[14] Interrogation of Arthur Axmann, Palace of Justice, Nuremberg, 1630-1930 hours, 7 January 1948, Interrogations of Hitler Associates, Musmanno Collection, Gumberg Library Digital Collections, Duquesne University; Manuscript Statement by Hitler’s Aide-de-Camp, Otto Günsche, 17 May 1945 in Vinogrado, Pogonyi, and Teptzov, "Hitler’s Death"; Joachimsthaler, "The Last Days of Hitler"; Eberle and Uhl, eds., "The Hitler Book".

[15] O’Donnell, "The Berlin Bunker"; Joachimsthaler, "The Last Days of Hitler"; Fest, "Inside Hitler’s Bunker".

[16] Linge, "With Hitler to the End"; Eberle and Uhl, eds., "The Hitler Book"; O’Donnell, "The Berlin Bunker"; Joachimsthaler, "The Last Days of Hitler". Linge puts death at 3:50pm. He allegedly noted it by the grandfather clock in the antechamber to Hitler’s office, a clock he had always been at pains to keep running very accurately since Hitler himself took his time from this clock. Günsche puts the death at 3:30pm, claming to have looked at wristwatch. Joachimsthaler, "The Last Days of Hitler".

[17] Interrogation of Arthur Axmann, Palace of Justice, Nuremberg, 1630-1930 hours, 7 January 1948, Interrogations of Hitler Associates, Musmanno Collection, Gumberg Library Digital Collections, Duquesne University; Joachimsthaler, "The Last Days of Hitler"; Fest, "Inside Hitler’s Bunker"; Eberle and Uhl, eds., "The Hitler Book".

[18] Interrogation of Arthur Axmann, Palace of Justice, Nuremberg, 1630-1930 hours, 7 January 1948, pp. 29, 30,  Interrogations of Hitler Associates, Musmanno Collection, Gumberg Library Digital Collections, Duquesne University; Linge, "With Hitler to the End"; Trevor-Roper, "The Last Days of Hitler"; Eberle and Uhl, eds., "The Hitler Book"; O’Donnell, "The Berlin Bunker"; Joachimsthaler, "The Last Days of Hitler"; Fest, "Inside Hitler’s Bunker"; Points emerging from special interrogation of Else Krüger, 25 September 1945, enclosure to Memorandum, Brigadier [no name given], Counter Intelligence Bureau [CIB], GSI (b), Headquarters, British Army of the Rhine to Assistant Chief of Staff, G-2 [CI], Headquarters, US Forces European Theater, Subject: Investigation into the Death of Hitler, 22 November 1945, Document No. CIB/B3/PF.582, File: Major Trevor-Roper Interrogations, Reports Relating to Prisoner of War Interrogations, 1943-1945, [NAID 2790598] Box 711, Record Group 165; Special Interrogation of Erich Kempka, at US Third Army Internment Camp No. 6, Moosburg, 7 October 1945, enclosure to Memorandum, Brigadier [no name given], Counter Intelligence Bureau (CIB), GSI (b), Headquarters, British Army of the Rhine to Assistant Chief of Staff, G-2 [CI], Headquarters, US Forces European Theater, Subject: Investigation into the Death of Hitler, 22 November 1945, ibid. Apparently as a precaution, Hitler had the smaller pistol nearby in case the heavier pistol, with which he was far less familiar, should jam. O’Donnell, "The Berlin Bunker"; Linge, "With Hitler to the End"; Joachimsthaler, "The Last Days of Hitler".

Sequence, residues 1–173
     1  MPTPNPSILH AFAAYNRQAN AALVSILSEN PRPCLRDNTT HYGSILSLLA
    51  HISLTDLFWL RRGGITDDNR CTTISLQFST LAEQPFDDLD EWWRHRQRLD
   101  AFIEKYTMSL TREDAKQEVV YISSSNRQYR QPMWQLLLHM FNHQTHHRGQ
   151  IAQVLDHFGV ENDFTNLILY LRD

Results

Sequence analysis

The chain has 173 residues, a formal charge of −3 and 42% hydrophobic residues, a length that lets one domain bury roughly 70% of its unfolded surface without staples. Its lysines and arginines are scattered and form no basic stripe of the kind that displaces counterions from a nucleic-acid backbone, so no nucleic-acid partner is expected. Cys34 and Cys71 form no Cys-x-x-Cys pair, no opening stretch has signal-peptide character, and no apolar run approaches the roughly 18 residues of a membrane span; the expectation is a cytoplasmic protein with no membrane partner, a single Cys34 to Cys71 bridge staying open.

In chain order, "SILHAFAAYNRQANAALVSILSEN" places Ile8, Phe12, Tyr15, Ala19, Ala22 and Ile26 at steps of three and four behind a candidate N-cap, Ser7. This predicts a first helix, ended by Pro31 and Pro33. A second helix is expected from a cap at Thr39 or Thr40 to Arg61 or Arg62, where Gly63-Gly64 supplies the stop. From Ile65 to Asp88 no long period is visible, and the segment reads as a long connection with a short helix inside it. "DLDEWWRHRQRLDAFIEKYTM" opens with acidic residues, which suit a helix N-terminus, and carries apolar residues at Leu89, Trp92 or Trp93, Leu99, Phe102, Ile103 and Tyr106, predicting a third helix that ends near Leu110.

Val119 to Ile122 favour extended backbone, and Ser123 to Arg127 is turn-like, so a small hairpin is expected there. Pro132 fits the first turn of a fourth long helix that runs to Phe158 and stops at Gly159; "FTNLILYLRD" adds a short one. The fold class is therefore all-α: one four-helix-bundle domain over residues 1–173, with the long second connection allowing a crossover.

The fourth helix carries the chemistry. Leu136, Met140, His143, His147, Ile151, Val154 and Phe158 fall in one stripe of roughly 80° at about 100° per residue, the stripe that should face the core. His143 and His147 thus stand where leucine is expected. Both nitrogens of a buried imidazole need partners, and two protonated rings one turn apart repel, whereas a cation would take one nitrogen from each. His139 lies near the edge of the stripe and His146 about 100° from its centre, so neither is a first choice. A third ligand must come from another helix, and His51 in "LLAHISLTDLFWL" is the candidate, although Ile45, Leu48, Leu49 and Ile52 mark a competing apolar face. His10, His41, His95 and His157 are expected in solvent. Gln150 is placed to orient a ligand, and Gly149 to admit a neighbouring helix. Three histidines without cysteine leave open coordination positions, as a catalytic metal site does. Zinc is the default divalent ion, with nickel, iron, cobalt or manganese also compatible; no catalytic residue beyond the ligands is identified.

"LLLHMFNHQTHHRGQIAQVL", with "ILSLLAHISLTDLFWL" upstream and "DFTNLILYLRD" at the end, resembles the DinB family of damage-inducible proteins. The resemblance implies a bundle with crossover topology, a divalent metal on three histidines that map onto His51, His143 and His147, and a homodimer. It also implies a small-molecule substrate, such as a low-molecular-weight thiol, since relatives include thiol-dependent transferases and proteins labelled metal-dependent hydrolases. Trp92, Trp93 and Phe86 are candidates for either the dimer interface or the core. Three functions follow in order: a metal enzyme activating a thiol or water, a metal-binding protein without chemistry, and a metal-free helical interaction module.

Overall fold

[19] Linge, "With Hitler to the End"; Joachimsthaler, "The Last Days of Hitler"; O’Donnell, "The Berlin Bunker"; Eberle and Uhl, eds., "The Hitler Book".

Hunting Hitler Part V: The Garden (Evening, 30 April)

It was now shortly after 4pm, 30 April 1945. Both Adolf Hitler and Eva Braun were dead, having committed suicide some ten minutes earlier. Linge, Hitler’s valet, placed Hitler’s body on a blanket and wrapped it around him, and he and another man picked up the body and moved it into the central corridor. There, Linge at the front end carrying the legs and Högl, Ewald Lindloff, and Hans Reisser at the back end, carrying the head and shoulders, and possibly Sturmbannführer Franz Schädle (commander of the SS Escort), immediately moved through the central corridor in the direction of the Bunker’s emergency exit that led into the Chancellery garden. As they moved through the bunker, only the lower extremities – clad in black trousers, black silk socks and black leather shoes, such as Hitler habitually wore – were visible to Axmann, Mohnke [who had just shown up] and others and clearly recognizable. Initially following Hitler’s body upstairs out of the Bunker were Göbbels, Krebs, and Burgdorf. Günsche, after interacting with Eric Kempka, who had just shown up, followed the others up the stairs. [1]